Dame Julie Okah-Donli is a member of the All Progressives Congress (APC) and former Bayelsa Central senatorial aspirant. In this interview, the former Director-General of the National Agency for the Prohibition of Trafficking in Persons (NAPTIP) speaks on the predicament of women in politics and how the ruling party has been encouraging them to achieve their dreams. She spoke with GRACE OBIKE

Women have been accused of not supporting one another in politics. What is your assessment of the situation in the APC?

The situation in the All Progressives Congress (APC) is one of support and encouragement. My party has a very vibrant, hard-working and passionate Woman Leader who is not sleeping. She is always making a case for women’s representation in all spheres of life. The political space, corporate space, appointed positions and all of that; I know her voice is being heard and she is encouraging women to come out and not be discouraged. She is always encouraging the womenfolk to keep running, to come out and run for offices and not get discouraged. When you don’t get it the first time, she will encourage you to go back and not say you are giving up, or no longer interested. Indeed, every woman should continue to try and impact lives in their various communities and I’m sure that with time, even the women in the villages will begin to understand that it’s very important for them to support their fellow women.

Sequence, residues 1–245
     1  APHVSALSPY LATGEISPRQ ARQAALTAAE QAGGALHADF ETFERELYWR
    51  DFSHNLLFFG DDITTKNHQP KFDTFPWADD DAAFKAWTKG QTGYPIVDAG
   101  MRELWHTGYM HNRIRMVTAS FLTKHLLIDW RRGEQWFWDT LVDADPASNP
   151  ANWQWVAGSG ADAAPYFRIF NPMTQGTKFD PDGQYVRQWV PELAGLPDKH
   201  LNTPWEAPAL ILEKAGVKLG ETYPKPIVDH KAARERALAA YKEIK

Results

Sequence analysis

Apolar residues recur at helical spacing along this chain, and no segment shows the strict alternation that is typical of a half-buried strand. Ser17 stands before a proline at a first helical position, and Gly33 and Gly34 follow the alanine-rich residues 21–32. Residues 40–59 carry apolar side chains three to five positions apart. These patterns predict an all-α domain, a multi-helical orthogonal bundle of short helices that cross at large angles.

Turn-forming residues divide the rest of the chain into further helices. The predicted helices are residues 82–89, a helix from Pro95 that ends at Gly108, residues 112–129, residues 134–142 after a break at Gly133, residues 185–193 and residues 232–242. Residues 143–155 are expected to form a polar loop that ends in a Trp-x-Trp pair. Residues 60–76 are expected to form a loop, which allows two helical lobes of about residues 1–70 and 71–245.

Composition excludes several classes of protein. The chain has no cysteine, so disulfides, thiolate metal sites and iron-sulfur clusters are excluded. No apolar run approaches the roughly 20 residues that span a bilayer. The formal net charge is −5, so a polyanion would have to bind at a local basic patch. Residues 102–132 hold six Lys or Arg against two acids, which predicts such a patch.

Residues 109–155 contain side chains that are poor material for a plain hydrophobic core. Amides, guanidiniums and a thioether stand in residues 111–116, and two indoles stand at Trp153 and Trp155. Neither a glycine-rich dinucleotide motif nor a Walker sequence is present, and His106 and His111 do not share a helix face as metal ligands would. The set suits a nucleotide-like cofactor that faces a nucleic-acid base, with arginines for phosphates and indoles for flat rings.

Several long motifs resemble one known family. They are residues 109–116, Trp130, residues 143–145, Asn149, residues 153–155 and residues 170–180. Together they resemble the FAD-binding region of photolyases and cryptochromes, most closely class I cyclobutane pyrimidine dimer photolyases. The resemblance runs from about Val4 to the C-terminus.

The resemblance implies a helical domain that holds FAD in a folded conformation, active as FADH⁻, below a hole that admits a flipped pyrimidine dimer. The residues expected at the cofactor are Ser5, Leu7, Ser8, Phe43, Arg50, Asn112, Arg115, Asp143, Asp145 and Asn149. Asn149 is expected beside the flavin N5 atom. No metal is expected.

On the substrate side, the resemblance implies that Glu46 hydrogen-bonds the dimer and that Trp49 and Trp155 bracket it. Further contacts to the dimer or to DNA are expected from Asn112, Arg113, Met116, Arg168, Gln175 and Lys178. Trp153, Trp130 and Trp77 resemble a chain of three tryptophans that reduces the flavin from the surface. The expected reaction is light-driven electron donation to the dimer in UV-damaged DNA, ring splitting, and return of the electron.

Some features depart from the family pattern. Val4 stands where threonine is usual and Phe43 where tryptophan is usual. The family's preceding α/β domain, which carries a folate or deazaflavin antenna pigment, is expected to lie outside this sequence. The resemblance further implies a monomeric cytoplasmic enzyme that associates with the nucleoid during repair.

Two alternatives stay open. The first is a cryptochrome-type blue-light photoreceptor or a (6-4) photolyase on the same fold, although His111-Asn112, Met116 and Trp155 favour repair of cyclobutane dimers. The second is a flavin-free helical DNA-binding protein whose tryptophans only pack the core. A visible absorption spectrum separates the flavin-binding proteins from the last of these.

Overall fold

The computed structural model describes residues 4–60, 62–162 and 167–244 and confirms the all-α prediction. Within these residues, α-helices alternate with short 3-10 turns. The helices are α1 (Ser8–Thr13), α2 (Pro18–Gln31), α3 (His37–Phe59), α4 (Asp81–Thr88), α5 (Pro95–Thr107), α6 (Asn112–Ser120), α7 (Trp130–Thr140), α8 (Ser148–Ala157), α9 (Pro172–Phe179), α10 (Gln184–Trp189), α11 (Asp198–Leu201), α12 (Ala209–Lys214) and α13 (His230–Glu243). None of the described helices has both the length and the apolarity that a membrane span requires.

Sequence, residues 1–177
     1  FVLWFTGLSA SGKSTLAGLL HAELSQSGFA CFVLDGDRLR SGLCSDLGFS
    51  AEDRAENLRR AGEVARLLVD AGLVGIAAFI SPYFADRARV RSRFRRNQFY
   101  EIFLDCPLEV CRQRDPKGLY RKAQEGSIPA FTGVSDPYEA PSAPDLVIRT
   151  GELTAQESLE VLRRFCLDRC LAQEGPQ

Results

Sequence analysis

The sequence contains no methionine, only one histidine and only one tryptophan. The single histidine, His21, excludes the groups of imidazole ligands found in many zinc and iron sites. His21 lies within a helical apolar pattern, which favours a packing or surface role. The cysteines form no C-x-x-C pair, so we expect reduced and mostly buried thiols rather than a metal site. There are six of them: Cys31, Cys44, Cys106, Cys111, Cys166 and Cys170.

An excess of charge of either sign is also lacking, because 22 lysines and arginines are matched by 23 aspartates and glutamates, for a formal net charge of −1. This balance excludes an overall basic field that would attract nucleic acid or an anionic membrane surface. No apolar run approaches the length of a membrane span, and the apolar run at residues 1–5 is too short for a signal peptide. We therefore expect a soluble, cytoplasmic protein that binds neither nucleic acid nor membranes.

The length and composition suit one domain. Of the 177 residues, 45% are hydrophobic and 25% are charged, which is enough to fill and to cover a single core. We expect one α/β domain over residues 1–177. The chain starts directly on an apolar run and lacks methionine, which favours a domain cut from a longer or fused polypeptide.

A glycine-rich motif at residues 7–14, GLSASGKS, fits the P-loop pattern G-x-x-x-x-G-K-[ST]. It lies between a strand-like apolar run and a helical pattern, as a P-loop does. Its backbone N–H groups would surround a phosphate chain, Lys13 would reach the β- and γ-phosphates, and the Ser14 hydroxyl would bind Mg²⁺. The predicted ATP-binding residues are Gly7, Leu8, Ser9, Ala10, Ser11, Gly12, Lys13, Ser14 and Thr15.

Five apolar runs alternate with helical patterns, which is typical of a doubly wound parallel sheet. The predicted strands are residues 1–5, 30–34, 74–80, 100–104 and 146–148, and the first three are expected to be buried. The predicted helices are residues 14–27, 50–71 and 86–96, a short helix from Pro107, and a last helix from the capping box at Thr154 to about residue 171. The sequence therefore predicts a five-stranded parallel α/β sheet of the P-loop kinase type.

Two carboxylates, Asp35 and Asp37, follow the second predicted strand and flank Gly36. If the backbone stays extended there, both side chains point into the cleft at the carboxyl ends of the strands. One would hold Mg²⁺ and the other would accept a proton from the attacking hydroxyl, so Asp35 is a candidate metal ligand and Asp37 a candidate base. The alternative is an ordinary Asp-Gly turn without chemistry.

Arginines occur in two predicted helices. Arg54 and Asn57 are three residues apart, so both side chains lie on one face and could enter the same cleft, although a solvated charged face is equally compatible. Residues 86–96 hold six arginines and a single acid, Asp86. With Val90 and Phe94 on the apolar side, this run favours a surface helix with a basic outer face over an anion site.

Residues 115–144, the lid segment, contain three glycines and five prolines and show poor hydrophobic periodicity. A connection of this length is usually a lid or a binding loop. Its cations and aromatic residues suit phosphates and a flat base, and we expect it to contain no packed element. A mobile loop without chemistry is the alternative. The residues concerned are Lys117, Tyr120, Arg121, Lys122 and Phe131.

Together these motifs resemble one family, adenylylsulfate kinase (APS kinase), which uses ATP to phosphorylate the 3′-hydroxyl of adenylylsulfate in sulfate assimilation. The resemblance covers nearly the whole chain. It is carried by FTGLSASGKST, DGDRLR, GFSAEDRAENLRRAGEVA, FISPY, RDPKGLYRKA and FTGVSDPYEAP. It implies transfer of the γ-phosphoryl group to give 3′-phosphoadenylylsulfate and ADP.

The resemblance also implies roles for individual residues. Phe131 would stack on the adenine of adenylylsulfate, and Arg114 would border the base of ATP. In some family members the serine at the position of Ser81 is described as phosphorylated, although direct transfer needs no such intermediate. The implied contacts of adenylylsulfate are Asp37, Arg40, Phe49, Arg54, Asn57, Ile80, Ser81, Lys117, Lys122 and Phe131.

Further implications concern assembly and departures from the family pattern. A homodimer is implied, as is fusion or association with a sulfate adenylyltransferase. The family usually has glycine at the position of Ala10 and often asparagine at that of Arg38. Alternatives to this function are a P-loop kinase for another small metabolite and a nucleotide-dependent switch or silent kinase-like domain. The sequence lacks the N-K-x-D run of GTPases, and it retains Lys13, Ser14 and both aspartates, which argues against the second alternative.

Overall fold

What happened with your political quest?

I’m a politician, so I decided to go back home and contest to represent my constituency at the Senate; the good people of the Bayelsa Central Senatorial zone. Unfortunately, it didn’t happen. We were about eight women who came out to run for offices ranging from state House of Assembly and Senate, but funny enough not even one of us got the ticket. I can’t say what happened if you ask me. I don’t know what happened but it still tells you that when it comes to politics in Nigeria, women are still relegated to the background. The men kind of think that they are the ones that should be there and that they should be the ones representing the people. They believe women have no place; no role to play in the National Assembly or even in the state Houses of Assembly. Then, when you go down to the local government you hardly find a woman as chairman of local government.

Why is this so?

Women have a lot of work to do. It’s quite discouraging and it’s very unfortunate that in 2022 this is where women have found themselves. But, we must take the bull by the horn; the narratives must change. It cannot be said that we don’t have an equal amount of experience as our male counterparts. I was the executive assistant to the governor at a time for five years; no one can say I came from nowhere. I came from somewhere; I started at the grassroots. I set up a group called the Credible Silver Movement in 2007. So, I’m part of grassroots support-based groups. I’ve been doing things right from the grassroots; right from my village and all of that. I have been doing a lot of humanitarian work, so no one can say she came from nowhere; everyone comes from somewhere. It is not even an excuse because even if you look at it, some people just returned home from their sojourn abroad and became governors, House of Representatives members or senators.